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So you want a NAS?

December 12, 2014

The following is from some experiences I have had recently that I thought people would find interesting and useful.  This concerns a stand-alone box with disks in it as a purpose-built device that is supposed to be a “turnkey” NAS system.  I am not going to get into all the wonderful things you can do with Linux building your own NAS or NAS+other stuff machine.

The primary advantage of buying a box that someone else put together as a NAS is that you put disk drives in it (or even have it come with disks), plug it in and start moving files around.  It doesn’t take a lot of valuable time setting things up and it will integrate pretty nicely into most environments.  Also, based on my experience, unless you really want to do something extremely custom, you aren’t going to be locked in or limited in capabilities on your NAS device by buying a commercially produced one.

Another couple of advantages for a commercial NAS is size and power.  Yes, you can build up your own NAS in a variety of enclosures but you are unlikely to find any that are as small as the commercial NAS devices, most of which are simply a box for drives.  As far as power is concerned, the processor for these NAS devices is usually as small as they can get away with – with some exceptions – and have the provision to power down the drives when they are not in use, or not expected to be in use.  This probably is a small part of an office budget but can be an important difference at home.  Also, when the device is powered down it will be even quieter.

Early on, I purchased a small external drive case with a network connection.  This isn’t the sort of NAS device I am focusing on.  While this might meet your needs, it is a single drive with no redundancy – not very safe.  It was cheap (under $100) and it is still in use today, but not the point of this article.

My experience so far has been with two very good devices, one from Thecus and one from Synology.  These are both purpose-built NAS devices and are intended to be very flexible.  Both have Linux-based software with web applications for interfacing with the device and controlling it.  The Thecus has five drive bays, the new Synology has only four but things have changed over the years.  I also have a Synology box at home as well and this helped a lot with the decision to acquire another.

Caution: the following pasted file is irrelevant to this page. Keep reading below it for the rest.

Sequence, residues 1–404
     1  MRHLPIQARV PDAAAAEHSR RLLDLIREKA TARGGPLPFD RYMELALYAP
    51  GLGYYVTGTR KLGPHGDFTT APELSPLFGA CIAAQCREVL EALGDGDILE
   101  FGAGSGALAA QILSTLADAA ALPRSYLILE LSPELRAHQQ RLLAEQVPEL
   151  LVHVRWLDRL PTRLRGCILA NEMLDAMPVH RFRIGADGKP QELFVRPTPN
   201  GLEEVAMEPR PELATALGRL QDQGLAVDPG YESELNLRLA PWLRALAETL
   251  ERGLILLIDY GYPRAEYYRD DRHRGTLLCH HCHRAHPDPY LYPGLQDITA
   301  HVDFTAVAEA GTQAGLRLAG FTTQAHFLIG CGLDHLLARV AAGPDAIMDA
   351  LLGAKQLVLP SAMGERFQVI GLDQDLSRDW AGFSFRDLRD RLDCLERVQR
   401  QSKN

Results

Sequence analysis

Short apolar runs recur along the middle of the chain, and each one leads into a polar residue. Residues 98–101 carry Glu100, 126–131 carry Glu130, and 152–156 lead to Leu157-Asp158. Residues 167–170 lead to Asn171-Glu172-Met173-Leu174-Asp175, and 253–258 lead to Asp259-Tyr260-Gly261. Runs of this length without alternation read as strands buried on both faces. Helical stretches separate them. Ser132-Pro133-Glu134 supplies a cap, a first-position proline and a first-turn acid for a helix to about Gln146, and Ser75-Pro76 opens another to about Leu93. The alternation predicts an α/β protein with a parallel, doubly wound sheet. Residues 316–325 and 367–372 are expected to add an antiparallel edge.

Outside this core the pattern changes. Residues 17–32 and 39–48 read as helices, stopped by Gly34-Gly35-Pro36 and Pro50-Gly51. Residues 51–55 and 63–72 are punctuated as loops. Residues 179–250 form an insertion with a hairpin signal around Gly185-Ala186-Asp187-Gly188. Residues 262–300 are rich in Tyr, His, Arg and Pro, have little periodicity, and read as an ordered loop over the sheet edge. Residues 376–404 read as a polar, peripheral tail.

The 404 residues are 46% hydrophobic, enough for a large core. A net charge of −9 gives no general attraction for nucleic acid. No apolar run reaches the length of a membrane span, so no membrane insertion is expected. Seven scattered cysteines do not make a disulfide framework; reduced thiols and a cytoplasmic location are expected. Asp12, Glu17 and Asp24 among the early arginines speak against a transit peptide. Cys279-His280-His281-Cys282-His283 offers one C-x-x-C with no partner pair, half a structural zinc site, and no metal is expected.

The specific devices I am talking about here are a Thecus N5200BR PRO and a Synology DS415+.  At home I have a Synology DS213j with two 3TB drives in a RAID 1 configuration.  The Thecus is being replaced by the DS415+ specifically because of some software issues.

When the Thecus was purchased it seemed like a pretty good choice at the time.  It had quite a bit of flexibility and would interface with a Windows AD environment for authorization.  It was configured with five 1.5TB drives in RAID 5 and has remained that way ever since.  The problem with Thecus is one of development philosophy.  They continue to offer new devices with (probably) enhanced capabilities but the Linux software on the box I purchased has been left as an orphan – no updates since 2009.  I certainly understand that not every company can build devices and continue to update the software – but the comparison with Synology is a valuable one.

The Synology box I purchased for home has had a steady stream of updated software since its’ acquisition in 2013 and from the list of devices that the software updates apply to it seems reasonable to expect continuing software support for years to come.  Clearly, Synology isn’t in the business of orphaning their hardware as Thecus is.  This is extremely important if you are planning on a turnkey NAS device with a great deal of flexibility.  Alternatively, if all you need is storage space on the network with no other capabilities, then almost any NAS device may do the job for you.

Obviously, I am a lot more impressed with the software support from Synology.  While I can understand the point of both companies is to produce and sell new hardware, these devices are expensive enough that you aren’t going to be replacing them quickly or simply to pick up a new nice-to-have software feature.

Now to balance this out I have to say that Synology isn’t perfect.  While I am very impressed with their continuing support for older hardware and am confident that their hardware will continue to be supported for a long time, their software technical support leaves something to be desired.  If you are having a problem a number of people have noted (and I agree with) that the function of the software technical support seems to be to explain to the customer how they did something wrong or have the wrong expectations.  There does not appear to be any other sort of support going on – if they find a bug and fix it, great.  If a customer finds a bug, well, you are doing something wrong and they will try to explain it to you.  This isn’t a perfect support experience by a long shot.

Finally, in conclusion, I want to say that the new box is configured as RAID 10 with four 6TB drives.  Why not RAID 5 or 6?  The problem is with a 6TB drive the recovery time is so long that even with a hot spare there are too many chances of losing the entire array should a failure occur.  With RAID 10 we get (perhaps) a bit better performance and the ability to survive any single drive failure and some two drive failures.

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